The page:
This is a competing renewal application of R01-AG02745 to characterize memory related changes in functional magnetic resonance imaging (fMRI) activity over the course of mild cognitive impairment (MCI) due to Alzheimer's disease (AD). We have been very successful in accomplishing our Aims over the first funding cycle of this grant, recruiting over 140 older subjects and publishing over 40 scientific manuscripts in high impact journals. We have demonstrated a characteristic pattern of functional disruption in a distributed memory network that: 1) has good test-retest reproducibility;2) is associated with amyloid-? deposition as estimated with PiB-PET imaging;3) predicts rapid cognitive decline, and 4) remains dynamic over the course of MCI. The next phase of this R01 will build on our previous discoveries, and leverage our strong group of multi- disciplinary investigators, to translate our findings into measures that are feasible to track progression of MCI and detect an early signal of efficacy in "Proof of Concept" clinical trials for early symptomatic stages of AD. n addition, we propose to probe the mechanistic underpinnings of aberrant fMRI activity, utilizing a novel combination of multi-modality imaging techniques.
Aim 1 will build on our fMRI work with face-name paradigms to develop and validate short clinical versions of the face-name associative memory exam (FNAME) that are sensitive to the effects of early AD pathology and will track progression over the continuum of MCI.
Aim 2 will investigate the relationship between memory task fMRI and resting state functional connectivity that will be more feasible in multi-center clinical trials. We predict that early task-related hyperactivity will precede and predict progression of functional disconnection during the resting state.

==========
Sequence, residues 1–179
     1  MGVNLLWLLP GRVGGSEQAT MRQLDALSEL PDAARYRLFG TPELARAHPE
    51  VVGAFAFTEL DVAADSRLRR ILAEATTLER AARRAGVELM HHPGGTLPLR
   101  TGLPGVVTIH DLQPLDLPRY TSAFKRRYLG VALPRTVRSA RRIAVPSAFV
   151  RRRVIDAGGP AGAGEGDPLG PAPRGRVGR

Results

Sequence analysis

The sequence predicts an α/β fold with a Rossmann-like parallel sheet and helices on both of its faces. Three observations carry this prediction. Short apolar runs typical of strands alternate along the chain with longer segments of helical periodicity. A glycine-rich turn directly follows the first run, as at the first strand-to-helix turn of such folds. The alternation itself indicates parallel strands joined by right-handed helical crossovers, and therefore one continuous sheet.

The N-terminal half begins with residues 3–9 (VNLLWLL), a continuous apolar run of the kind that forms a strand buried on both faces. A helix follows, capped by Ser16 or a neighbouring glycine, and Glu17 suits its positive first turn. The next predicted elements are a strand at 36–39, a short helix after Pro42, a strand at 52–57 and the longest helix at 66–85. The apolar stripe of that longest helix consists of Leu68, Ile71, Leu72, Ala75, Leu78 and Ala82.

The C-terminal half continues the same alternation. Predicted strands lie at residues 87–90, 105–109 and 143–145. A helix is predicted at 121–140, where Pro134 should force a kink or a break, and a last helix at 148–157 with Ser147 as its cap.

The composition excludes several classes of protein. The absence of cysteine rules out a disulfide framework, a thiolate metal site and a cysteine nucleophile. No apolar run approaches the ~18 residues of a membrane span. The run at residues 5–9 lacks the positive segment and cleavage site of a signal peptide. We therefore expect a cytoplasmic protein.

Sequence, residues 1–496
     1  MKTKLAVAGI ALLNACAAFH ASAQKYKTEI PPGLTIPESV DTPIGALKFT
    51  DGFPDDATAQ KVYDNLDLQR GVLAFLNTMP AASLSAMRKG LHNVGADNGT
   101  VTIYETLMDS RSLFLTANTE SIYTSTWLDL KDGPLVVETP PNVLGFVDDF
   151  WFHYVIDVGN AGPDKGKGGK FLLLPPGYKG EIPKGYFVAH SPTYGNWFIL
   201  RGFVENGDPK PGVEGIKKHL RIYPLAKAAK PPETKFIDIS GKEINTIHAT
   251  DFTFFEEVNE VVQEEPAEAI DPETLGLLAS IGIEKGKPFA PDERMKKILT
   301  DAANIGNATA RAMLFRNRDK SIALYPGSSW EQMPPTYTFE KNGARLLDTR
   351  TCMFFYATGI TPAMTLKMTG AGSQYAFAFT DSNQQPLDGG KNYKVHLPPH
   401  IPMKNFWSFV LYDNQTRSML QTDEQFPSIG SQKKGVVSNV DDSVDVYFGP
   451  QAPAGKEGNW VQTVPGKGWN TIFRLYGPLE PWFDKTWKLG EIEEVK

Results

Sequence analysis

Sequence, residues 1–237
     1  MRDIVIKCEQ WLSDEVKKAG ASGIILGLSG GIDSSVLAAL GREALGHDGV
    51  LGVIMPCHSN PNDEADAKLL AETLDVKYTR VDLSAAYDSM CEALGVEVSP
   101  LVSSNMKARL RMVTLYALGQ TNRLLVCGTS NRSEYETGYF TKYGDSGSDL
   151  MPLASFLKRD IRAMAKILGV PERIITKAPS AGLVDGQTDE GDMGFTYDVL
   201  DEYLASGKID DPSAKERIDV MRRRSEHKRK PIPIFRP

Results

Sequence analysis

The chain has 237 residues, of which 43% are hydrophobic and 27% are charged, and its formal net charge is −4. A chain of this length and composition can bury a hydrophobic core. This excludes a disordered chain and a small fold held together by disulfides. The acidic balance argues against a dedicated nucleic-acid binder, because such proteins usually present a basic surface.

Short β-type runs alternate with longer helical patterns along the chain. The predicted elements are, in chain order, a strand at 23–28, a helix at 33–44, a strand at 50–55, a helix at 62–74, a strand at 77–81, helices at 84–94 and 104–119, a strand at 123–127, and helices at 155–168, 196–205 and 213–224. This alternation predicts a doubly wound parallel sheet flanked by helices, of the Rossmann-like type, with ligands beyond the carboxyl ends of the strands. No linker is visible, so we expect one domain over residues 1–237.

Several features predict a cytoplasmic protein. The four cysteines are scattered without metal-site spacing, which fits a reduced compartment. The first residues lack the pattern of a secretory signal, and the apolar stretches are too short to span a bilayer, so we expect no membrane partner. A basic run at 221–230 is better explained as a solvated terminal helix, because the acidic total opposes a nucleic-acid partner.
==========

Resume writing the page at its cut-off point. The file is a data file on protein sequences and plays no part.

Aim 3 will test the hypothesis that the observed hyperactivity is an indicator of early excitotoxicity that will predict synaptic failure, neuronal loss and rapid clinical decline. We will employ a novel PET ligand (18-F-PEB) for the metabotropic glutamate receptor, mGluR5, which has been implicated in both learning and in excitotoxicity, in combination with 11-C-PiB amyloid imaging, 18-F-FDG glucose metabolism, with longitudinal functional and structural imaging to elucidate the neural mechanisms underlying progressive memory impairment over the course of early AD.

Public Health Relevance

This project will develop and optimize cognitive and imaging biomarkers to track progression through the early symptomatic stages of Alzheimer's disease. Building on our discoveries in the first funding cycle of this R01, we will develop sensitive face-name associative memory tests and functional MRI paradigms that are feasible for use in Proof of Concept clinical trials. We will also utilize a unique combination of PET and MR imaging measures to probe the mechanistic underpinnings of the functional changes we have observed over the course of mild cognitive impairment (MCI).

Agency
National Institute of Health (NIH)
Type
Research Project (R01)
Project #
5R01AG027435-08
Application #
8658352
Study Section
Clinical Neuroscience and Neurodegeneration Study Section (CNN)
Program Officer
Hsiao, John
Project Start
Project End
Budget Start
Budget End
Support Year
8
Fiscal Year
2014
Total Cost
Indirect Cost
Name
Brigham and Women's Hospital
Department
Type
DUNS #
City
Boston
State
MA
Country
United States
Zip Code
02115
Rentz, Dorene M; Dekhtyar, Maria; Sherman, Julia et al. (2016) The Feasibility of At-Home iPad Cognitive Testing For Use in Clinical Trials. J Prev Alzheimers Dis 3:8-12
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Hanseeuw, Bernard J; Schultz, Aaron P; Betensky, Rebecca A et al. (2016) Decreased hippocampal metabolism in high-amyloid mild cognitive impairment. Alzheimers Dement 12:1288-1296
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Huijbers, Willem; Mormino, Elizabeth C; Schultz, Aaron P et al. (2015) Amyloid-β deposition in mild cognitive impairment is associated with increased hippocampal activity, atrophy and clinical progression. Brain 138:1023-35
Ward, Andrew M; Mormino, Elizabeth C; Huijbers, Willem et al. (2015) Relationships between default-mode network connectivity, medial temporal lobe structure, and age-related memory deficits. Neurobiol Aging 36:265-72
Rabin, Laura A; Smart, Colette M; Crane, Paul K et al. (2015) Subjective Cognitive Decline in Older Adults: An Overview of Self-Report Measures Used Across 19 International Research Studies. J Alzheimers Dis 48 Suppl 1:S63-86

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